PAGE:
The Jakarta Post
The Indonesian Institute of Sciences (LIPI) has begun clinical trials of two new herbal medicines intended to boost the immune systems of COVID-19 patients.
Head of LIPI, Laksana Tri Handoko, said both medicines were immunomodulator drugs, which is a type of medication that stimulates or suppresses the components of the immune system including both innate and adaptive immune responses.
"The first medicine was made from Cordyceps militaris fungus, while the second was made from ginger, gripeweed, creat or green chireta and Ngai camphor or sambong," Handoko said in a statement on Wednesday as reported by kompas.com.
Cordyceps militaris is a fungus commonly found in the Himalayas and Tibet, but the fungus has been successfully cultivated and produced in Indonesia. Handoko explained that the fungus was widely used in herbal medicines in China, Korea and Tibet.
He said the clinical trials would be conducted on 90 COVID-19 patients treated at the Athletes Village COVID-19 hospital in Central Jakarta. The trial will be conducted in cooperation with the Health Ministry, the Association of Indonesian Doctors for the Development of Traditional and Herbal Medicine (PDPOTJI), The Indonesian Society of Respirology (PDPI), The Food and Drug Monitoring Agency (BPOM), and doctors at the Athletes Village hospital.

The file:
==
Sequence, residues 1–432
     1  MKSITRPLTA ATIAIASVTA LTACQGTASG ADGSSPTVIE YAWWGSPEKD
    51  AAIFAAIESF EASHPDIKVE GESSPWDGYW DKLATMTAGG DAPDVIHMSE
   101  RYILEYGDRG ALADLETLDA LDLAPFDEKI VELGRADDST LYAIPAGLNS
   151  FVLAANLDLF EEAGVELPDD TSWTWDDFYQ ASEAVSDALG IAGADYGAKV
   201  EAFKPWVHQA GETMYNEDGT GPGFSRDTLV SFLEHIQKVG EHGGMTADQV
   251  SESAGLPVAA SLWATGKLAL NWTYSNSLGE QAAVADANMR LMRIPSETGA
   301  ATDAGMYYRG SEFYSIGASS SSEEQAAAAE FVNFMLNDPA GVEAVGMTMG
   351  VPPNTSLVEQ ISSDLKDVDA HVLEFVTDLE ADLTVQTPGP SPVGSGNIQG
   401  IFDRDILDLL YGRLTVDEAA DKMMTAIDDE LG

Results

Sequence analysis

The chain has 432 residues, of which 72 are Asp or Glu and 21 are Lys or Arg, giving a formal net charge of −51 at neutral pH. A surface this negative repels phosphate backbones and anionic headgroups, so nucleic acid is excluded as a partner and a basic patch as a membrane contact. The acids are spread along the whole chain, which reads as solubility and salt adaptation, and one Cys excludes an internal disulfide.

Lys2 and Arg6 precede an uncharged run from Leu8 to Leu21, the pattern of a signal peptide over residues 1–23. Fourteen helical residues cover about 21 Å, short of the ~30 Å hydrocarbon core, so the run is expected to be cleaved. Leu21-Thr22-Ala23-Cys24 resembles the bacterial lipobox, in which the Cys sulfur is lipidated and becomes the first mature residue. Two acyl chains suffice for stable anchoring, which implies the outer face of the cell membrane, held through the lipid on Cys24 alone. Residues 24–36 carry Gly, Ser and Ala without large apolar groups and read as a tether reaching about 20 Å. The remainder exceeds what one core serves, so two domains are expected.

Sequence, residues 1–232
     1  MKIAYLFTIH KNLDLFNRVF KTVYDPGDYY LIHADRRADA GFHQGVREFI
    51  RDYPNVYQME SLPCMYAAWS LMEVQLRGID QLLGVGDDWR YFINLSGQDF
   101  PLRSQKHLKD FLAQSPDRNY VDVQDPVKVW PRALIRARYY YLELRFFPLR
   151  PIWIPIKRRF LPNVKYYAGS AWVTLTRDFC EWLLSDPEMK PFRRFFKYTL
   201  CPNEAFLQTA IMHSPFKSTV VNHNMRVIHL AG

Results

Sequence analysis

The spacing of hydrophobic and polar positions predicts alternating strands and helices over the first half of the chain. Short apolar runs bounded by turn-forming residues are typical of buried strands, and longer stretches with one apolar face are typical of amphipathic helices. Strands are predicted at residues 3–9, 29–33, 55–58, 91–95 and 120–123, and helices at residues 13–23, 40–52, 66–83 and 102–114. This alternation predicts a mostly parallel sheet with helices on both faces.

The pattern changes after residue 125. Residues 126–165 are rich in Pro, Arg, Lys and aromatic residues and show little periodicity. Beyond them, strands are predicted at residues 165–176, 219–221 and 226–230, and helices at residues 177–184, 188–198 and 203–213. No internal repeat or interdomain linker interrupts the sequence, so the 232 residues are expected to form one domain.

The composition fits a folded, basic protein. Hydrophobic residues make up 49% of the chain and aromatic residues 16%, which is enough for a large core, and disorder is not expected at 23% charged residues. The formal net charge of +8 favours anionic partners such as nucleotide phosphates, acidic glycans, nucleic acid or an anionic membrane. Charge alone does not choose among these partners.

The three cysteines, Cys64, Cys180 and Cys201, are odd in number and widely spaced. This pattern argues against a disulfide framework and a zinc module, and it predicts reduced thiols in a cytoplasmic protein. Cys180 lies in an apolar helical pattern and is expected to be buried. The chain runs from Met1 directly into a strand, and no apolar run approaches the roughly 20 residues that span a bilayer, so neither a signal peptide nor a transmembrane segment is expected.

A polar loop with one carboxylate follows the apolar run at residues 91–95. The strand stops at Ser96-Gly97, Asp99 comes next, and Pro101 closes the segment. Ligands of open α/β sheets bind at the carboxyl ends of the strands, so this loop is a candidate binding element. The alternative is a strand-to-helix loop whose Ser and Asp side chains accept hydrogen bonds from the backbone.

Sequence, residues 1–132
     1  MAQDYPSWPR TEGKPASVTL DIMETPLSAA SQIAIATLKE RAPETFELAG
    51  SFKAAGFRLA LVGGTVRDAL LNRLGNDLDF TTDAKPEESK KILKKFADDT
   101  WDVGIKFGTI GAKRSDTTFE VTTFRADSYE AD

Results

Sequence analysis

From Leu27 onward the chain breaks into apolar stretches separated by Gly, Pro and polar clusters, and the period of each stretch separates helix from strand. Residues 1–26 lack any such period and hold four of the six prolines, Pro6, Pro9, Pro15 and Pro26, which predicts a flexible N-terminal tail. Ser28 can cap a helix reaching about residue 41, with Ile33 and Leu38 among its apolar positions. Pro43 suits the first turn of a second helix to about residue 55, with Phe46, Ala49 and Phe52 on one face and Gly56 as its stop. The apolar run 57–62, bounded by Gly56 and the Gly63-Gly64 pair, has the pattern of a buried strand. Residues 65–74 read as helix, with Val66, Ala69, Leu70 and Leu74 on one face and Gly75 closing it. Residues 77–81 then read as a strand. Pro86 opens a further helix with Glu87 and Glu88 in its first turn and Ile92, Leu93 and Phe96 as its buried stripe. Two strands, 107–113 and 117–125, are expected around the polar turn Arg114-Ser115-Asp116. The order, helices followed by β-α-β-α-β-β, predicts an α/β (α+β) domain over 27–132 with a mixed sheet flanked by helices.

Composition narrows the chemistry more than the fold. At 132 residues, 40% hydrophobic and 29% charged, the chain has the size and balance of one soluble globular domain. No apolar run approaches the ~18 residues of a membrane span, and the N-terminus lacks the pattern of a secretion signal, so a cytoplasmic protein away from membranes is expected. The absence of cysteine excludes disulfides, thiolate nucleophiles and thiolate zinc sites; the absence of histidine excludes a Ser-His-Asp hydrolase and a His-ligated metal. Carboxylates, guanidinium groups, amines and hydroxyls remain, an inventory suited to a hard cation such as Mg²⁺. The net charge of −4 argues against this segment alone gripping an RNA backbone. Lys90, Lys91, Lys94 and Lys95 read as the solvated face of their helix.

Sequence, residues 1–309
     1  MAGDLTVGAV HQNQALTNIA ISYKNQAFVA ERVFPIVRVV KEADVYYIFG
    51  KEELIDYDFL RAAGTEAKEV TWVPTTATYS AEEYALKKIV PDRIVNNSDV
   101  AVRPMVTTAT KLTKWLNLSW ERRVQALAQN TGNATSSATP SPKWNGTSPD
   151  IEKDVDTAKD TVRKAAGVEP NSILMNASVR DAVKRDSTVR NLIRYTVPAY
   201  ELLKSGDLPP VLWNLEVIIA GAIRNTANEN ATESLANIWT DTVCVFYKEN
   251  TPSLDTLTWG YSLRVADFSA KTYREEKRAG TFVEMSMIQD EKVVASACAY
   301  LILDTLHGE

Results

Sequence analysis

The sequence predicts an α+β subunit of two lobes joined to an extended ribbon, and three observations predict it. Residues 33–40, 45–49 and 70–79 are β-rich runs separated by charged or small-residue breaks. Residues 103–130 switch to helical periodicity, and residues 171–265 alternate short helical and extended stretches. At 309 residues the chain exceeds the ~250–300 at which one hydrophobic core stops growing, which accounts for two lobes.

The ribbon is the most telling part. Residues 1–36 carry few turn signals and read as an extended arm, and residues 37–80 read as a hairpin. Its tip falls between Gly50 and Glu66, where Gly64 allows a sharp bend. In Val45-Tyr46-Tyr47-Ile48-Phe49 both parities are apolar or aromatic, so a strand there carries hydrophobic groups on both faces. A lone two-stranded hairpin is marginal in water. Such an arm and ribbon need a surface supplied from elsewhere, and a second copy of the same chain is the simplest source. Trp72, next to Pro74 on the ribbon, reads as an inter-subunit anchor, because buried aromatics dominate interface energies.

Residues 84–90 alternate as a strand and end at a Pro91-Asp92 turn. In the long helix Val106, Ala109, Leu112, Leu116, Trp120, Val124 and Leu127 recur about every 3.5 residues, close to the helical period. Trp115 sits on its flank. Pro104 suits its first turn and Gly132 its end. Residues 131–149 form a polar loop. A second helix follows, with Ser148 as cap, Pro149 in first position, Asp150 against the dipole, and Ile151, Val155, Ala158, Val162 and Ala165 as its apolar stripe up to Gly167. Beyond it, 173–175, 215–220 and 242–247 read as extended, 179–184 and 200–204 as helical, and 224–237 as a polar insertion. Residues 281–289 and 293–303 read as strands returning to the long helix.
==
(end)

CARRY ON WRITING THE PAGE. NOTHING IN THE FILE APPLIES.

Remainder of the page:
According to Handoko, it will be the first clinical trial of COVID-19 herbal medicines in the country. "This clinical trial is a milestone in the development of medicines and supplements in Indonesia. If this trial succeeds, the medicines could potentially be the country's next prime export products."
A researcher from LIPI's Biotechnology Research Center, Masteria Yunovilsa Putra said the medicines were not only intended to help COVID-19 patients to recover but also to prevent people from contracting the disease, especially those who were categorized as people under surveillance (ODP) and patients under surveillance (PDP).
"LIPI started researching the medicines in March by examining our country's herbal commodities that have immunomodulatory properties," Masteria said, adding that Gadjah Mada University in Yogyakarta and pharmaceutical company Kalbe Farma also helped with the initial research.
Masteria said the initial results and analysis from the clinical trial were expected to come out in July.
"If the medicines pass the clinical trials, we hope we can easily find the raw materials in the country," he said. (nal)